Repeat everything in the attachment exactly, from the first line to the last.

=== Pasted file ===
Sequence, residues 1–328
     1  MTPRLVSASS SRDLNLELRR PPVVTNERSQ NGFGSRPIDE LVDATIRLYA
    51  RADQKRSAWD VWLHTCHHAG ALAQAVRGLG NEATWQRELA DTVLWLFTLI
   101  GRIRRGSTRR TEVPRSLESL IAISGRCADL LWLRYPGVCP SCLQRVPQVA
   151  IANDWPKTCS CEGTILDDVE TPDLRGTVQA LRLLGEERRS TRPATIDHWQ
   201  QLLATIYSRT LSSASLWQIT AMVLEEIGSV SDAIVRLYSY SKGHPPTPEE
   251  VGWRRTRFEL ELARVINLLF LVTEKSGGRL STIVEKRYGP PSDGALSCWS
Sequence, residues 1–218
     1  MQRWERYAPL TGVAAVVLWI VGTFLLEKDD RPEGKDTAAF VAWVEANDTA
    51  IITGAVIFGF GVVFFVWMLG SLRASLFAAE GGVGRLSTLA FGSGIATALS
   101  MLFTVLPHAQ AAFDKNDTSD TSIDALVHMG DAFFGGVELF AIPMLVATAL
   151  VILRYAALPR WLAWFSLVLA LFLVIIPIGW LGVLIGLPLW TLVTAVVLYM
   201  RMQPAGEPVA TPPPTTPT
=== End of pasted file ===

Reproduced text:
Sequence, residues 1–328
     1  MTPRLVSASS SRDLNLELRR PPVVTNERSQ NGFGSRPIDE LVDATIRLYA
    51  RADQKRSAWD VWLHTCHHAG ALAQAVRGLG NEATWQRELA DTVLWLFTLI
   101  GRIRRGSTRR TEVPRSLESL IAISGRCADL LWLRYPGVCP SCLQRVPQVA
   151  IANDWPKTCS CEGTILDDVE TPDLRGTVQA LRLLGEERRS TRPATIDHWQ
   201  QLLATIYSRT LSSASLWQIT AMVLEEIGSV SDAIVRLYSY SKGHPPTPEE
   251  VGWRRTRFEL ELARVINLLF LVTEKSGGRL STIVEKRYGP PSDGALSCWS
Sequence, residues 1–218
     1  MQRWERYAPL TGVAAVVLWI VGTFLLEKDD RPEGKDTAAF VAWVEANDTA
    51  IITGAVIFGF GVVFFVWMLG SLRASLFAAE GGVGRLSTLA FGSGIATALS
   101  MLFTVLPHAQ AAFDKNDTSD TSIDALVHMG DAFFGGVELF AIPMLVATAL
   151  VILRYAALPR WLAWFSLVLA LFLVIIPIGW LGVLIGLPLW TLVTAVVLYM
   201  RMQPAGEPVA TPPPTTPT